Price Hike: FG To Back Marketers On Petrol Import
The Federal Government is to make the dollar accessible to oil marketers in order to make the importation of petrol into Nigeria competitive and help reduce the commodity’s rising cost.
It was learnt on Monday that oil marketers met with officials of the Federal Ministry of Finance on the need to make the foreign exchange available for petrol imports.
This, according to marketers, would halt the current monopoly in the importation of petrol.
The Nigerian National Petroleum Corporation has been the major importer of petrol for more than two years.
Other players in the downstream oil business purchase the product from NNPC to dispense in their retail outlets.
The National President, Independent Petroleum Marketers Association of Nigeria, Chinedu Okonkwo, told journalists on Monday that petroleum product dealers would start importing petrol soon.
He said this was based on the meeting which oil marketers had with the government last week.
He said, “Last week we got some assurance from the Ministry of Finance on how to help us access the dollar at the same rate with NNPC because the market is now open.
“Now if we get that, we have got people who are ready to bring in this product, but their challenge is how they can get the dollar. So, if by the time we finish with government and sort this out, a lot of marketers are ready to bring in products.”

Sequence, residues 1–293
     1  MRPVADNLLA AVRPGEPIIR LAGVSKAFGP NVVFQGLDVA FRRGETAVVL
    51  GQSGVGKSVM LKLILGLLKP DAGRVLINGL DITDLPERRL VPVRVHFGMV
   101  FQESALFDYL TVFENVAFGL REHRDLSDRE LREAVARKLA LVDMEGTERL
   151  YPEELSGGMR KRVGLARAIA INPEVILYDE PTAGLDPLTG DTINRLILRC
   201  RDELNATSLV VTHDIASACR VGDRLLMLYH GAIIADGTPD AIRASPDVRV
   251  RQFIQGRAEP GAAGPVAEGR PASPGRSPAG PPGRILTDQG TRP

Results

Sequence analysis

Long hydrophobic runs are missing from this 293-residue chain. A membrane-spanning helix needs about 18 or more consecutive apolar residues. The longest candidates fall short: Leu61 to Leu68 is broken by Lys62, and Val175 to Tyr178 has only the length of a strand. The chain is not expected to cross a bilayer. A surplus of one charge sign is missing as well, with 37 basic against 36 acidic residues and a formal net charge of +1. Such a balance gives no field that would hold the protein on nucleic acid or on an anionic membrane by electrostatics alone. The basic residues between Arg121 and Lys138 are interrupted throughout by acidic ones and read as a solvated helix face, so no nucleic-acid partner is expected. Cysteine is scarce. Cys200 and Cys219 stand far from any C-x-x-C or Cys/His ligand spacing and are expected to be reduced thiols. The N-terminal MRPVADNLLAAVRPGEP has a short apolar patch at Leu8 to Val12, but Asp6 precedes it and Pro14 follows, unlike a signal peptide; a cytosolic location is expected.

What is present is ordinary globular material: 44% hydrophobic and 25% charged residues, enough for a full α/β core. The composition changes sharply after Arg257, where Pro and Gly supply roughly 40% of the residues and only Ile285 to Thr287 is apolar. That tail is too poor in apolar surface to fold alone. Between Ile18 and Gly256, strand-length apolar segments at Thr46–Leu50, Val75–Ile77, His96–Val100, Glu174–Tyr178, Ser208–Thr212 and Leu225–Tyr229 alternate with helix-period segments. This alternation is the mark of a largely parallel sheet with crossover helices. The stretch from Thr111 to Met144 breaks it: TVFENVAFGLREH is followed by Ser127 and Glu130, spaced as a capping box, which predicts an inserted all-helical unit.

Okonkwo added, “I know that by the time that happens, it will create healthy competition where if we can’t get product from the Singapore market, we will get from Russia or Europe. It will no more be a one-man show like it is right now.”
The IPMAN president said the government was also looking at the importation of petrol by marketers as another measure to stem the continued rise in PMS price.
On Friday, the NNPC, through its Pipelines Products Marketing Company, increased the ex-depot price of petrol from N147 per litre to N155.17 per litre, a development that shot the cost of the product at filling stations to between N168 and N170 per litre.
Okonkwo stated that once marketers begin to import petrol, prices of the commodity at filling stations would drop.